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10 Ways to Make Tummy Time Fun

 

You probably know tummy time is important, but try telling your baby that! Just because it strengthens his chest, arms, and core muscles; prepares him for sitting and crawling; and helps prevent flat head syndrome doesn’t mean he likes it.

But you can help make tummy time more fun for baby (and mama) with these helpful tips and tricks.

  1. Be There
  2. a baby having tummy time

    You don’t just plop baby on her belly and watch from a distance. Get down on the floor, make eye contact, sing, make funny faces and noises, and generally encourage her. Just like you might need a workout buddy, she’s working hard and needs you there to help her rally.

  3. Don’t Push It
  4. a baby having tummy time

    Tummy time is essential, but it’s not a marathon. In the beginning, if baby can only handle 15 seconds of tummy time before crying, then that’s what she can do. You want to strike the gentle balance between supporting her and encouraging her to shift past her comfort zone (which, let’s face it, would probably be no tummy time). So scoop her up when she starts to seem distressed and try again later when she’s better rested and fed.

  5. Create a Book Wall
  6. a baby having tummy time

    In lieu of your smiling face, baby might like to look at the pretty, vibrant covers of her favorite books while she does her TT. Set them up in front of her like a little wall to watch (think of yourself reading a magazine on the treadmill). It’ll likely both distract and excite her.

  7. Be the Floor
  8. a mom playing with her baby

    If tummy time is on your belly or chest or across your lap, it counts! Baby still has to lift her head and use the same muscles as she does on the floor, but gets to do it on her favorite person. (Or people, if your partner joins in.) Just make sure you’re somewhere with lots of surface area around you, like the bed, so baby can’t roll off and get hurt. You can also carry her so she’s on her tummy, facing the floor. She won’t get all the benefits, but some!

  9. Lay Out the Toys
  10. a baby having tummy time

    As your baby gets more tolerant of tummy time, he’ll want stuff to do while he’s there. Set some favorite toys around him—if they squeak or crinkle or rattle, all the better. When he’s comfortable playing with them, then place one just out of reach. He’ll start trying to figure out how to get himself closer, thus, distracting him from tummy time (and possibly getting frustrated, so watch for that and scoop him up as needed).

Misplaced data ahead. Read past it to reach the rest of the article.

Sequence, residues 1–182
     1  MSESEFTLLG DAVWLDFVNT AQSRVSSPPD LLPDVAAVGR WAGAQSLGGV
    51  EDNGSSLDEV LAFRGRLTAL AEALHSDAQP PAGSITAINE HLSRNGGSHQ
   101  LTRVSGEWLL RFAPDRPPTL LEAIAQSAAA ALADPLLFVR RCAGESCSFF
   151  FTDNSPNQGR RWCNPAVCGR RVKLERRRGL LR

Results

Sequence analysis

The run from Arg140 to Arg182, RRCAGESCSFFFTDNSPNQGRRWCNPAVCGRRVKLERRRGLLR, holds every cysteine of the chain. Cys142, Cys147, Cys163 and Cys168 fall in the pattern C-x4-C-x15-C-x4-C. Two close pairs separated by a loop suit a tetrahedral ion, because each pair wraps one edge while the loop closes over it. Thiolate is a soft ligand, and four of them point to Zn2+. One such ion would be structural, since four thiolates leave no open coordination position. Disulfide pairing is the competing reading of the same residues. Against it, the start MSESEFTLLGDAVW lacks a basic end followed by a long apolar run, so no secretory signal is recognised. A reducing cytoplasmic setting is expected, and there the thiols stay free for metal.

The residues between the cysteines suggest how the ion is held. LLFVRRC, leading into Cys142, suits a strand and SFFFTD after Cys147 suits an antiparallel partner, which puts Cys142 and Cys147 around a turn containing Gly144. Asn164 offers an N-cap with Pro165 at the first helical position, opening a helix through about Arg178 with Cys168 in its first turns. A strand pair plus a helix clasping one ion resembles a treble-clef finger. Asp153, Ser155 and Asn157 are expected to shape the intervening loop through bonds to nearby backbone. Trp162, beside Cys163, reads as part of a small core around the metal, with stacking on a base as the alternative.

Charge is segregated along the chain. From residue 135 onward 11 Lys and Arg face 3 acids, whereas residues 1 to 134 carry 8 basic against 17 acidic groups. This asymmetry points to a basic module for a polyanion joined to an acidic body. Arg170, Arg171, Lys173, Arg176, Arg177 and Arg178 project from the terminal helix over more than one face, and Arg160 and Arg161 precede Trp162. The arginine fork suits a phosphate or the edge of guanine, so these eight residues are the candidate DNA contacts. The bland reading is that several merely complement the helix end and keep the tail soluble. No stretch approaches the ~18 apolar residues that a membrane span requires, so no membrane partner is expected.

11. Have a Ball
  12. a mom playing with her baby on a gym ball

    Some babes like the feeling of a yoga ball under their belly. Slightly deflate a big ball and gently roll baby’s tummy over it. He’ll probably have a cool “I’m flying!” experience in this stealth TT position.

  13. Give a Boost
  14. a baby having tummy time

    Some tummy time-resistant kiddos respond well to a small towel rolled up under their chest. It gives them the extra support they need to feel like they’re really being boosted, and therefore they’ll be (in theory) less frustrated.

  15. Get Thee an Activity Gym
  16. Skip Hop Baby Infant and Toddler Treetop Friends Activity Gym and Playmat

    Though a blanket will do, tummy time will become about a thousand times more fun in an activity “gym.” No ellipticals here, but dangling toys, a floor-based mirror, and a fun pattered mat all help baby feel like this whole tummy time thing is actually enjoyable. We especially like Skip Hop’s gyms for their soft colors and the fact that they’re not treated with non-flammable chemicals.

  17. Tummy Time Prep
  18. a baby having tummy time

    Make sure before tummy time that baby is well-fed, well-burped, and well-rested. A cranky, tired, hungry babe will not have his mood enhanced by doing hard exercise. If your sweetie is a big spitter-upper, wait a little after feeding, or you’ll end up with quite a mess.

  19. Do It A Lot
  20. a baby having tummy time

    Physical therapists recommend that babies do 30 to 90 minutes of cumulative tummy time a day! Seems like a lot, but you can work it in by getting tummy time into regular routines—do a little before or after a diaper change; every time you set baby down, place him tummy first; do a lot of your play time while he’s belly-down. Though you might not hit that number, the more you strive toward it, the stronger baby will be—and chances are the more it’ll feel natural and comfortable for him and you too.

 

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